Key Sites Of Jewish South Philly Are Threatened

September 7, 2012 | by Rachel Hildebrandt


Kiev-Tcherkass Beneficial Association | Photo: Rachel Hildebrandt

The Kiev-Tcherkass Beneficial Association at Sixth and McClellan Streets, one of the few remnants of what was once one of the largest and most densely populated Jewish communities in America, is for sale and faces an uncertain future, with some of its windows boarded up and others open to the elements.

What remains of Philadelphia’s Yiddish-speaking “Jewish Quarter,” with a street life as rich and self-sustaining as the better understood Lower East Side in New York, are concentrated along this stretch of Sixth Street bounded by Tasker Street and Oregon Avenue. Like Kiev-Tcherkass, the other Jewish community buildings that adorn this stretch, including large purpose-built synagogues, row house shuls, and community centers, are barely distinguishable from the rest of the area’s building stock. Only subtle Hebrew signage and inconspicuous Judaic symbols set them apart.

Many of the synagogues and shuls, particularly those were not demolished upon closure, have been adapted to accommodate congregations of other faiths or even other uses. For instance, Adath Shalom now houses Preah Buddha Rangsey Temple, the city’s largest Buddhist temple, and Atereth Israel now contains apartments. The civic buildings have not fared as well. A victim of long-term neglect, the Kiev-Tcherkass Beneficial Association is vacant and unsecured. A victim of downsizing, the Stiffel Senior Center is closed and for sale.

7th St. between Wolf and Ritner looking north, 1959 | City of Philadelphia Department of Records

Kiev-Tcherkass was founded in 1904 by a group of immigrants from northern Ukraine. The association, a fairly typical landsmanschaften, helped immigrants from the same area connect to relatives, locate housing, and secure jobs. It also offered health and death benefits comparable to those being issued by formal insurance companies. After 25 years of operation, the association evolved into a distinct congregation. Very few buildings of this kind survive.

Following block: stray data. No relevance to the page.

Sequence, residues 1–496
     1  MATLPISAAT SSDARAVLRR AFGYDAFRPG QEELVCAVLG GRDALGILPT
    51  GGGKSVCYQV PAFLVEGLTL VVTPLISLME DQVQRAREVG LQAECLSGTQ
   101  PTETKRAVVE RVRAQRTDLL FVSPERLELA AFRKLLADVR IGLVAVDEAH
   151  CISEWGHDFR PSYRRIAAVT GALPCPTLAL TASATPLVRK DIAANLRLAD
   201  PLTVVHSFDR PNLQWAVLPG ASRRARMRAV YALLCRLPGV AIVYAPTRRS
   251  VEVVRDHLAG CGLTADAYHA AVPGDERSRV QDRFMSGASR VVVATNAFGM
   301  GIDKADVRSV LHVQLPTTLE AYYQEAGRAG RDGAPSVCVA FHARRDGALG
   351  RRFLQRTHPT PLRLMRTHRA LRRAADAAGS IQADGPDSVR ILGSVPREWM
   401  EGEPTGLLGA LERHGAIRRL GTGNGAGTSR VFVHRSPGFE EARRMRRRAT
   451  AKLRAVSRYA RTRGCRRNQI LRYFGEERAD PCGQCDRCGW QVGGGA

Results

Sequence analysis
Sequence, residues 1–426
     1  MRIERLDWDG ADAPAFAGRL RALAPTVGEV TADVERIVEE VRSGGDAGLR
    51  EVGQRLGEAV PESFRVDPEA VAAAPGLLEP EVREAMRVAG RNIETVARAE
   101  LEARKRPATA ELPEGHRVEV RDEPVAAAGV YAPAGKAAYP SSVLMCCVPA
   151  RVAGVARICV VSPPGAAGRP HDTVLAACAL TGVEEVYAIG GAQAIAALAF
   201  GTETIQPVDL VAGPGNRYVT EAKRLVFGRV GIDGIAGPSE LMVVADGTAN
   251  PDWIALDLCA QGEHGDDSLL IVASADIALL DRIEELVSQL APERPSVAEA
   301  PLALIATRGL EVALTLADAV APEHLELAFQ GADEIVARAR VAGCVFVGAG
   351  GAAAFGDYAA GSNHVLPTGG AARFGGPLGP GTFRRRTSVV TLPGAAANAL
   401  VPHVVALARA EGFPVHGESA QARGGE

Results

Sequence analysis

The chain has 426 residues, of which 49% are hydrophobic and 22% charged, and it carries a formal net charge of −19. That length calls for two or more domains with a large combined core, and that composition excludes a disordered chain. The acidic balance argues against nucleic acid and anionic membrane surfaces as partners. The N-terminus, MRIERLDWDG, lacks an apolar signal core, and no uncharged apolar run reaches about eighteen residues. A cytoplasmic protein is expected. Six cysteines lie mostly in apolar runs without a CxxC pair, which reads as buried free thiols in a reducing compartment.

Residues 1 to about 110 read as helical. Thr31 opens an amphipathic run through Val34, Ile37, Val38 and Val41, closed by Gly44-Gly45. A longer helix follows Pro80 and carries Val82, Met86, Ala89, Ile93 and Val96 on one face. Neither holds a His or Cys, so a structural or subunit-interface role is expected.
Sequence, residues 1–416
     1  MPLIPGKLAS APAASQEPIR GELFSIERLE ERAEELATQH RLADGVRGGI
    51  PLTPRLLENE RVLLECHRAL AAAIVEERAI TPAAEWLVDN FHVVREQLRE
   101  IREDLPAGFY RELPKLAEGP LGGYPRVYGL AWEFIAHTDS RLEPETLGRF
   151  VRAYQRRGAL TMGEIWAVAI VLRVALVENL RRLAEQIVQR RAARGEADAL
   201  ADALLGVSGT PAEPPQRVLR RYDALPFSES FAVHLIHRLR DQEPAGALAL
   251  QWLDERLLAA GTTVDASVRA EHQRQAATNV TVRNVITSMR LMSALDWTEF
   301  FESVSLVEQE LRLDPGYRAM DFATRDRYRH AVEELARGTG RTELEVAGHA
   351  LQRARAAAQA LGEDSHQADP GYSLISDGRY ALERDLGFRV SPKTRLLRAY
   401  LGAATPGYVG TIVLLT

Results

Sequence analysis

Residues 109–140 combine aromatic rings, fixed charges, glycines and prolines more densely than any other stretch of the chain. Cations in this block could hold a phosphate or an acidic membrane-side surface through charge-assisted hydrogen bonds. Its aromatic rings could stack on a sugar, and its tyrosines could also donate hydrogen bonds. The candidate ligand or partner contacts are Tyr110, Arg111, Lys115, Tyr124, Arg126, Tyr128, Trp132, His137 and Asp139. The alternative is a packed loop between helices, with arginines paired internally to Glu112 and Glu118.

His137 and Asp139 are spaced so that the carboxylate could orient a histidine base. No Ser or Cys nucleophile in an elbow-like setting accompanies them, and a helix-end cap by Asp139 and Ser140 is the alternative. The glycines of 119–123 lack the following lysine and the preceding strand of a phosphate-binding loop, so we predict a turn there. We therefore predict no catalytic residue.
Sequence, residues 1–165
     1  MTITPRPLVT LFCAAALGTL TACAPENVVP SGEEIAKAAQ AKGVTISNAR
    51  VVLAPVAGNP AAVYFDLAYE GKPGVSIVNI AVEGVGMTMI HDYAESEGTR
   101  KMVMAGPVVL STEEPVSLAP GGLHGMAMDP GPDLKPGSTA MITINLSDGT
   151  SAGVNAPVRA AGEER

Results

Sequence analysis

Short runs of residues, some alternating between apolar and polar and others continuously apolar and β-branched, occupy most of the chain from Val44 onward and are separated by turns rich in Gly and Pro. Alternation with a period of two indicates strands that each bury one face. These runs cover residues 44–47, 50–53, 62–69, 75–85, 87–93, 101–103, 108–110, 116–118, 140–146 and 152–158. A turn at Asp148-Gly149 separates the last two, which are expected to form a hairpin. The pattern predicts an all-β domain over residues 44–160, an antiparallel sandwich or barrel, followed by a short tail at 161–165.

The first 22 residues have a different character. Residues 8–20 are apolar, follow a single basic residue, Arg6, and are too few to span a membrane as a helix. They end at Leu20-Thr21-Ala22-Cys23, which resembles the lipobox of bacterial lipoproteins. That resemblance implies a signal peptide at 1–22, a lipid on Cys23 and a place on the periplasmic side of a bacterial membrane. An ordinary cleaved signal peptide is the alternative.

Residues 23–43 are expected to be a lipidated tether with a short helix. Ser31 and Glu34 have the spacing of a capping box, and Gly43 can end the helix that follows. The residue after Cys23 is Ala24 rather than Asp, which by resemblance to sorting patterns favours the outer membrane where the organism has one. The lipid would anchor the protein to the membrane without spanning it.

The Stiffel Senior Center, located at the southeast corner of Marshall and Porters Streets, opened in 1928. Originally Jewish Education Center No. 2, it provided free Hebrew classes and recreational activities. In the late 1960s, the center began to tailor its programming to elderly individuals. Although it remained vital to its constantly changing community, the Jewish Federation of Greater Philadelphia closed the facility in July 2011, citing unmanageable operation and maintenance costs.

Stiffel Senior Center, Marshall and Porter Sts. | Photo: Rachel Hildebrandt

Beginning about 1881, tens of thousands of Jewish peasants fleeing czarist pogroms in southern Russia and the Pale of Settlement migrated to South Philadelphia between South and Catherine Streets. (A much more established and assimilated German Jewish community had existed in Philadelphia since the mid-19th century.) A second wave of Jewish immigrants from northern Ukraine arrived before World War I, pushing the center of Jewish South Philly below Snyder Avenue. The new immigrants built row house shuls, larger synagogues, cigar and textile factories, theaters, restaurants, socialist and anarchist libraries, and civic buildings, and they formed labor organizations, mutual aid societies, and orphan asylums. The community endured into the 1980s.

Despite the fact that these sites relay a key chapter of the city’s rich cultural history–the chapter in which South Philadelphia was predominantly Jewish–they are unacknowledged by Philadelphia’s Jewish community. According to Rakhmiel Peltz, director of the Judaic studies program at Drexel University, Philadelphia’s organized Jewish community, unlike its counterparts in other cities, is out of touch with its more recent history. “In general, the Jewish community doesn’t know that it’s connected to South Philadelphia.”

Nor is the Jewish experience often included in the narrative of South Philly, one of America’s great polyglots we’ve simplified into a giant Little Italy.

The sites have evaded the preservation community as well, (although the Stiffel Center did receive some attention when it was placed on the Preservation Alliance’s 2011 Endangered Properties List). Neither of these two threatened properties has been nominated to the Philadelphia Register of Historic Places, which would nominally protected from demolition. As properties with large footprints on the periphery of an urban core in transition, they are especially vulnerable to being torn down to make way for new development. A third civic building, the Downtown Jewish Orphanage at Ninth and Shunk, met this very fate.


About the Author